Do sub-syndromal manic symptoms influence outcome in treatment resistant depression in adolescents? A latent class analysis from the TORDIA study

Fadi T. Maalouf, Giovanna Porta, Benedetto Vitiello, Graham Emslie, Taryn Mayes, Gregory Clarke, Karen Wagner, Joan Rosenbaum Asarnow, Anthony Spirito, Martin Keller, Boris Birmaher, Neal Ryan, Wael Shamseddeen, Satish Iyengar, David Brent

Research output: Contribution to journalArticle

24 Citations (Scopus)

Abstract

Background: To identify distinct depressive symptom trajectories in the TORDIA study and determine their correlates. Methods: Latent Class Growth Analysis (LCGA) using the Children's Depression Rating Scale-Revised (CDRS-R) through 72 weeks from intake. Results: 3 classes were identified: (1) little change in symptomatic status ("NO"), comprising 24.9% of participants, with a 72-week remission rate of 25.3%; (2) slow, steady improvement ("SLOW"), comprising 47.9% of participants, with a remission rate of 60.0%, and (3) rapid symptom response ("GO"), comprising 27.2% of participants, with a remission rate of 85.7%. Higher baseline CDRS-R (p < 0.001) and poorer functioning (p = 0.03) were the strongest discriminators between NO and GO. Higher baseline CDRS (p < 0.001) and scores on the Mania Rating Scale (MRS) (p = 0.01) were the strongest discriminators between SLOW and GO. Other variables differentiating GO from both NO and from SLOW, were better baseline functioning, lower hopelessness, and lower family conflict. Both NO and SLOW showed increases on the MRS over time compared to GO (ps ≤ 0.04), and increasing MRS was strongly associated with lack of remission by 72 weeks (p = 0.02). Limitations: High rate of open treatment by the end of the follow-up period creates difficulty in drawing clear inferences about the long-term impact of initial randomization. Conclusion: Along with depressive severity, sub-syndromal manic symptoms, at baseline, and over time emerged as important predictors and correlates of poor outcome in this sample. Further research is needed on the treatment of severe depression, and on the assessment and management of sub-syndromal manic symptoms in treatment resistant depression.

Original languageEnglish (US)
Pages (from-to)86-95
Number of pages10
JournalJournal of Affective Disorders
Volume138
Issue number1-2
DOIs
StatePublished - Apr 2012
Externally publishedYes

Fingerprint

Treatment-Resistant Depressive Disorder
Bipolar Disorder
Depression
Family Conflict
Random Allocation
Therapeutics
Growth
Research

Keywords

  • Adolescent
  • Depression
  • Latent class analysis
  • TORDIA
  • Trajectories

ASJC Scopus subject areas

  • Psychiatry and Mental health
  • Clinical Psychology

Cite this

Do sub-syndromal manic symptoms influence outcome in treatment resistant depression in adolescents? A latent class analysis from the TORDIA study. / Maalouf, Fadi T.; Porta, Giovanna; Vitiello, Benedetto; Emslie, Graham; Mayes, Taryn; Clarke, Gregory; Wagner, Karen; Asarnow, Joan Rosenbaum; Spirito, Anthony; Keller, Martin; Birmaher, Boris; Ryan, Neal; Shamseddeen, Wael; Iyengar, Satish; Brent, David.

In: Journal of Affective Disorders, Vol. 138, No. 1-2, 04.2012, p. 86-95.

Research output: Contribution to journalArticle

Maalouf, FT, Porta, G, Vitiello, B, Emslie, G, Mayes, T, Clarke, G, Wagner, K, Asarnow, JR, Spirito, A, Keller, M, Birmaher, B, Ryan, N, Shamseddeen, W, Iyengar, S & Brent, D 2012, 'Do sub-syndromal manic symptoms influence outcome in treatment resistant depression in adolescents? A latent class analysis from the TORDIA study', Journal of Affective Disorders, vol. 138, no. 1-2, pp. 86-95. https://doi.org/10.1016/j.jad.2011.12.021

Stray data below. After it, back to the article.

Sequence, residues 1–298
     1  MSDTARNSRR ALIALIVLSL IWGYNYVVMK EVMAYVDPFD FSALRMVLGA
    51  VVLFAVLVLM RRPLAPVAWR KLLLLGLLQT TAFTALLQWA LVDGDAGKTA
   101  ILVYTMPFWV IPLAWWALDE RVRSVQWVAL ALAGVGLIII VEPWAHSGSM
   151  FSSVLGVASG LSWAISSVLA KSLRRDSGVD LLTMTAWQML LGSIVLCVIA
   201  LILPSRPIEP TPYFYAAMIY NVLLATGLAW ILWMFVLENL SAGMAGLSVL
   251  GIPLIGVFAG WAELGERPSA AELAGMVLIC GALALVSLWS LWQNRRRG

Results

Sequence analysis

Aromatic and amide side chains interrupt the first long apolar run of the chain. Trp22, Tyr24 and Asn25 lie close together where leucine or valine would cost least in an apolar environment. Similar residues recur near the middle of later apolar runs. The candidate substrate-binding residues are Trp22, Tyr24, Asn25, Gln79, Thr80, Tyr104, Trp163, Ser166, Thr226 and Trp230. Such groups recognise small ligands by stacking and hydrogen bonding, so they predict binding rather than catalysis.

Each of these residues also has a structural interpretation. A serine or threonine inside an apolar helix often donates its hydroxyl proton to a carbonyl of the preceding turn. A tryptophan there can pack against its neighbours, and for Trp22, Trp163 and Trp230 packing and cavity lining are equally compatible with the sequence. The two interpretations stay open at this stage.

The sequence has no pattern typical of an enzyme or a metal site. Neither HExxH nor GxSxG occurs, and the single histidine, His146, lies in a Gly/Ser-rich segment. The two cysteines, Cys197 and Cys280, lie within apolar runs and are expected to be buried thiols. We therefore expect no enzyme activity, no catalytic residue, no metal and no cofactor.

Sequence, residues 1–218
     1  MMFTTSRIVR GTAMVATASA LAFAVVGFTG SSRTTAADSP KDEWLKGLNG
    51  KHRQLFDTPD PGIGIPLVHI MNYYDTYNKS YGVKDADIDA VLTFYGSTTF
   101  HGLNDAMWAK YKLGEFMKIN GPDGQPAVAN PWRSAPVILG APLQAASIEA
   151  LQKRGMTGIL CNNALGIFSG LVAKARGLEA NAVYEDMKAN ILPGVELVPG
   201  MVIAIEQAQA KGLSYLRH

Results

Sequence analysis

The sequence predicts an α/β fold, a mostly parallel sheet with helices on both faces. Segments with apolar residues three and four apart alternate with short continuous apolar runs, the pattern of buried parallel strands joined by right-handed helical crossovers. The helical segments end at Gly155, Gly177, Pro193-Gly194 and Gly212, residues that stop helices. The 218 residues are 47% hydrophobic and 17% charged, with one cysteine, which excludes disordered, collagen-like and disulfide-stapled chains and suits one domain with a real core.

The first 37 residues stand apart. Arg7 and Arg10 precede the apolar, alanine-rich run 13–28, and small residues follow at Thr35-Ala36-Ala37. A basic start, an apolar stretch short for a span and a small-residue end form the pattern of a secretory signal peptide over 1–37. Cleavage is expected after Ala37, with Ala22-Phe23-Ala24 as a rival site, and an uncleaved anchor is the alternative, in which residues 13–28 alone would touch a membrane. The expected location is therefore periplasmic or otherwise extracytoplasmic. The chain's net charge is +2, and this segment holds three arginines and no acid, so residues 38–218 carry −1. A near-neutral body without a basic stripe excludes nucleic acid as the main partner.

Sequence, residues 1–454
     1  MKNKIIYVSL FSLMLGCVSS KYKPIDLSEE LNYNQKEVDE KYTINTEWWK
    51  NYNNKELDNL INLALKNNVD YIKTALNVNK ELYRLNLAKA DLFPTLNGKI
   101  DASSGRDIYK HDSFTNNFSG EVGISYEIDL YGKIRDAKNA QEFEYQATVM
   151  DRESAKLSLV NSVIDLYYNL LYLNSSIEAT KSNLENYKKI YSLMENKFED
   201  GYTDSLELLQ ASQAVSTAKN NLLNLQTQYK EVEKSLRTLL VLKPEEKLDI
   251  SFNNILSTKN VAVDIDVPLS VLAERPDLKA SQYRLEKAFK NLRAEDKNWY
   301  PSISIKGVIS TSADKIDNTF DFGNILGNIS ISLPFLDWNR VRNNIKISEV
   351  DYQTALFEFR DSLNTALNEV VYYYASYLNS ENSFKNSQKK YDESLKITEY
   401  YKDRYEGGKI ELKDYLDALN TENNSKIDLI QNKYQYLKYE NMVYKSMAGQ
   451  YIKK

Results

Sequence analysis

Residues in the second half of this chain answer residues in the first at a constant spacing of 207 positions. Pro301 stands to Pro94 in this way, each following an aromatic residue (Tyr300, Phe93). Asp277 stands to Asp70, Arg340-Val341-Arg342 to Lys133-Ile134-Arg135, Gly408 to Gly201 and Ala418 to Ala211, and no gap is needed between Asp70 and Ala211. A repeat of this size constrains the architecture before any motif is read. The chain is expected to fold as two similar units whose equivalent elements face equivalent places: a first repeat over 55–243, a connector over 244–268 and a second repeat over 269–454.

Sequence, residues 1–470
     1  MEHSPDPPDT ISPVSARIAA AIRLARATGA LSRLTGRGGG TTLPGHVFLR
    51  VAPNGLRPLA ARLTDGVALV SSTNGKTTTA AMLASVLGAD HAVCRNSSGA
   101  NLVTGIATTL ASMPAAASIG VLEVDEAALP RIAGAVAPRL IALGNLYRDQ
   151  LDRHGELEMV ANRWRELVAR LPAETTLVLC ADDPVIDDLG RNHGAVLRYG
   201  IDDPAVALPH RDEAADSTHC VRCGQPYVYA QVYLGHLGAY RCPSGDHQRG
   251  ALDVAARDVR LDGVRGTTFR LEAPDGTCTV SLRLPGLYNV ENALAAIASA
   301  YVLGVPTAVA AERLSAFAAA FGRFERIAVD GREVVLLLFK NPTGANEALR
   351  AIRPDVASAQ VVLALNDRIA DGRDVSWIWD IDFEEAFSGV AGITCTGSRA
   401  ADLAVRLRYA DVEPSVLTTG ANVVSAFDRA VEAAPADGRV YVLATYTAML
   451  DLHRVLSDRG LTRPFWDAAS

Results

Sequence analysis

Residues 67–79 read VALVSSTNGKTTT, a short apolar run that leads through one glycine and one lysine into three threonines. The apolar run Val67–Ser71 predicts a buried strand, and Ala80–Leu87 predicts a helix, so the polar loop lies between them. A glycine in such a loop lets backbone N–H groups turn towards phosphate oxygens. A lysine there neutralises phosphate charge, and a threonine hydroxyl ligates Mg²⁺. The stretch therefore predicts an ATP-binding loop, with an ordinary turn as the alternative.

Maalouf, Fadi T. ; Porta, Giovanna ; Vitiello, Benedetto ; Emslie, Graham ; Mayes, Taryn ; Clarke, Gregory ; Wagner, Karen ; Asarnow, Joan Rosenbaum ; Spirito, Anthony ; Keller, Martin ; Birmaher, Boris ; Ryan, Neal ; Shamseddeen, Wael ; Iyengar, Satish ; Brent, David. / Do sub-syndromal manic symptoms influence outcome in treatment resistant depression in adolescents? A latent class analysis from the TORDIA study. In: Journal of Affective Disorders. 2012 ; Vol. 138, No. 1-2. pp. 86-95.
@article{29b5297f91d84c7aa25a47ee548e9950,
title = "Do sub-syndromal manic symptoms influence outcome in treatment resistant depression in adolescents? A latent class analysis from the TORDIA study",
abstract = "Background: To identify distinct depressive symptom trajectories in the TORDIA study and determine their correlates. Methods: Latent Class Growth Analysis (LCGA) using the Children's Depression Rating Scale-Revised (CDRS-R) through 72 weeks from intake. Results: 3 classes were identified: (1) little change in symptomatic status ({"}NO{"}), comprising 24.9{\%} of participants, with a 72-week remission rate of 25.3{\%}; (2) slow, steady improvement ({"}SLOW{"}), comprising 47.9{\%} of participants, with a remission rate of 60.0{\%}, and (3) rapid symptom response ({"}GO{"}), comprising 27.2{\%} of participants, with a remission rate of 85.7{\%}. Higher baseline CDRS-R (p < 0.001) and poorer functioning (p = 0.03) were the strongest discriminators between NO and GO. Higher baseline CDRS (p < 0.001) and scores on the Mania Rating Scale (MRS) (p = 0.01) were the strongest discriminators between SLOW and GO. Other variables differentiating GO from both NO and from SLOW, were better baseline functioning, lower hopelessness, and lower family conflict. Both NO and SLOW showed increases on the MRS over time compared to GO (ps ≤ 0.04), and increasing MRS was strongly associated with lack of remission by 72 weeks (p = 0.02). Limitations: High rate of open treatment by the end of the follow-up period creates difficulty in drawing clear inferences about the long-term impact of initial randomization. Conclusion: Along with depressive severity, sub-syndromal manic symptoms, at baseline, and over time emerged as important predictors and correlates of poor outcome in this sample. Further research is needed on the treatment of severe depression, and on the assessment and management of sub-syndromal manic symptoms in treatment resistant depression.",